I’m curious if you know anything about the old Parry Mansion in Golden Hill. I cannot find a record of the house’s address, as most folks refer to all of Golden Hill as his estate, which it was at one time. Google Earth shows the home overgrown, even in the time of the photo. ~ Mindy Haskett, South Broad Ripple
The Golden Hill mansion that started its distinguished life as the home of the Parry family is located at 3650 Spring Hollow Road. When it changed hands in the fall of 2012, the residence had previously had only four owners – but only three who actually occupied it - in its 112 years of existence. The property had received little maintenance in the four decades that the previous owners resided there. It is now undergoing an extensive renovation by its new owner, Jerico Properties.
In 1900, Indianapolis manufacturer David McLean Parry purchased 100 acres of land four miles northwest of downtown Indianapolis. The densely wooded tract was just south of the original location of the Indianapolis Country Club, near W. 38th Street and Michigan Road. In 1914, the membership of the club split, with Woodstock Club remaining at the original site, and the Country Club of Indianapolis building a new facility on the far west side. The Central Canal and towpath are adjacent to the land. The property also overlooks the White River.
David Parry had made a fortune with his Parry Manufacturing Company, which was established in Indianapolis in 1886. The company first made carts, then buggies, and then automobiles. At the time Parry decided to move to the outskirts of town, he and his family were living in another magnificent Indianapolis home at 1305 N. Delaware Street. Built in 1874 by Hervey Bates, Jr., the castle-like property later became home to the Knights of Columbus. Sadly, that noteworthy residence was demolished in 1963.
As noted in the ”HI Mailbag” inquiry, David Parry named his country estate “Golden Hill.” He built an incredible residence that with later additions eventually reached approximately 16,000 square feet of finished rooms above ground, as well as a full basement below the living areas and a 1,100 square-foot garage. The Parrys moved into the property in about 1903. In 1915, David Parry fell ill after a trip abroad. He died at the age of 63. After his death, Parry’s widow and children divided the 100 acres of Golden Hill into residential building lots, but retained about 4.5 acres surrounding their own residence on Spring Hollow Road. After about a quarter of a century in the home, Parry’s widow, Hessie (Maxwell) Parry, sold the estate in 1927. She, as well as some of her children, lived in other Golden Hill residences in subsequent years.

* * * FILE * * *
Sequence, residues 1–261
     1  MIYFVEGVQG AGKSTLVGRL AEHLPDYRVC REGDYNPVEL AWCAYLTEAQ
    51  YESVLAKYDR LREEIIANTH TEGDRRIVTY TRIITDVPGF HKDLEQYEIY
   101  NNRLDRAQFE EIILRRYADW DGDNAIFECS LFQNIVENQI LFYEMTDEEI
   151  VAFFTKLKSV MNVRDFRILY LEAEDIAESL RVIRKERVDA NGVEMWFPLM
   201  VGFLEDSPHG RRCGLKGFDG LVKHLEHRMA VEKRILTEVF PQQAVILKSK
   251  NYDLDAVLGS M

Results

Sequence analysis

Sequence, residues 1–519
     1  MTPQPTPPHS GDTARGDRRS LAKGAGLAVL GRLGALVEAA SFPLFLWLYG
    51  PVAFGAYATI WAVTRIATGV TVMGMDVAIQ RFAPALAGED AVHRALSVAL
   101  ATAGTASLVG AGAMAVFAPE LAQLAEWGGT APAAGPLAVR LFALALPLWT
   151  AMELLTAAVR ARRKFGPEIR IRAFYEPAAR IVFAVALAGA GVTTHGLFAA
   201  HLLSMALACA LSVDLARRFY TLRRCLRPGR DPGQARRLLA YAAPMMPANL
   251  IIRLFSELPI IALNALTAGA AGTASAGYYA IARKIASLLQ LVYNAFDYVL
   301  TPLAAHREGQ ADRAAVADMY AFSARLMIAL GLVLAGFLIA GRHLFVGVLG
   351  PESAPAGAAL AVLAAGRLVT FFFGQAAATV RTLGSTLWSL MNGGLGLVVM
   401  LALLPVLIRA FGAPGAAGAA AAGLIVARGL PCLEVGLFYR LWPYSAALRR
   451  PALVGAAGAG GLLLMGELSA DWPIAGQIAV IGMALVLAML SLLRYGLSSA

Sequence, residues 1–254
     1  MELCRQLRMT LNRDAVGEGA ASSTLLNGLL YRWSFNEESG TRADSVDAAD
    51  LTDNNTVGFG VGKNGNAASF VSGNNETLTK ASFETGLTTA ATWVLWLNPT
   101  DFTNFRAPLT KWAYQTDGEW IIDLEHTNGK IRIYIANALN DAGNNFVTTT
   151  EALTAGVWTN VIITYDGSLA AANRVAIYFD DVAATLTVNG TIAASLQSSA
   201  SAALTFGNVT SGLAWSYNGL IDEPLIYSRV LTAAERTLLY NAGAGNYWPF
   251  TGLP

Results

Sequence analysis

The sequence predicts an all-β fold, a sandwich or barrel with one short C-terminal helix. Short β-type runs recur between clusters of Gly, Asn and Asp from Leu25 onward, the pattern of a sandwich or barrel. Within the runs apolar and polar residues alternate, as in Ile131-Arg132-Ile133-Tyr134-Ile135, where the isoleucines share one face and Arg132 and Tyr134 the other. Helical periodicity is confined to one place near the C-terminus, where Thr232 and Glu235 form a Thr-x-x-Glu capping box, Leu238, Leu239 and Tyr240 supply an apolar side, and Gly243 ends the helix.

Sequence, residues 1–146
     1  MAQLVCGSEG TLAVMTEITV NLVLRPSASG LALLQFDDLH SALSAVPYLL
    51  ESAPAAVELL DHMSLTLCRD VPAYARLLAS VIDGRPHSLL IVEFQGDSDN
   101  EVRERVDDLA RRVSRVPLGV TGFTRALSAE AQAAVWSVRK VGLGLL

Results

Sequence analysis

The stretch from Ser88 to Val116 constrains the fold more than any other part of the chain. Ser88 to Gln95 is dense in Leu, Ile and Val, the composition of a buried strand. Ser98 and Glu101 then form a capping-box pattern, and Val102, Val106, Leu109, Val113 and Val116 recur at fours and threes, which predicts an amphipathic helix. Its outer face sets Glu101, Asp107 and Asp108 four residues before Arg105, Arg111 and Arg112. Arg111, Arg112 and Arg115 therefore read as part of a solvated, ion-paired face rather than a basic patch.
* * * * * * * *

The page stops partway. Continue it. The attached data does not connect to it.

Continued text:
The second owner of the Parry-built residence was William Avery Atkins, nephew of Elias Cornelius Atkins. Members of the Atkins family operated E. C. Atkins & Co., the world’s largest manufacturer of saws and other related cutting tools. Coincidentally (or perhaps not!), a few years earlier, E. C. Atkins & Co. had purchased the city-block-long building at S. Illinois and W. South Streets that had formerly housed David M. Parry’s company, Parry Cart Works. Today, that downtown block is the location of the Main Office of the U.S. Postal Service.
William A. Atkins’s first wife was Suemma Vajen Coleman, who died in childbirth in 1924. The Suemma Coleman Home for Women was built in her memory. William Atkins married two additional times, to Eunice P. DuPuy and Mary Helen Sayles. Atkins remained in the Golden Hill property for the rest of his life. He hosted many memorable parties at the home over those three decades. During the years Atkins was the owner of the property, he made changes to both the exterior and the interior of the home that altered its original appearance considerably.
After William Atkins’ death in 1958, his third wife turned the property over to Indiana University, who sold it to its fourth owners, Jack and Betty Taube, in 1968. Jack Isadore Taube was an ophalmologist. He was born in 1923 in Toronto, Canada, and came to Indiana for an internship at St. Vincent Hospital and a residency at Indiana University. The Taube household consisted of five daughters, all now grown. After residing in the Meridian-Kessler neighborhood for a few years, the Taubes moved to Golden Hill. They owned the home for more than four decades.
Dr. Taube passed away in October of 2010, and his widow sold the property to its present owner in November of last year. Of the four sets of owners, the Taube family had it the longest, about 44 years. The Atkinses lived there more than 30 years and the Parrys, about 25 years.
When renovations are completed, the home will be a single-family, 8 bedroom, 8 bath, and 2 half-bath residence. The third-floor ballroom is also being restored, cutting down on the number of bedrooms there had been in recent years.
If you have a question about Indianapolis history, please send it to historicindianapolis (at) yahoo (dot) com, with “HI Mailbag” in the subject line, and I will do my best to answer it. ~ Sharon
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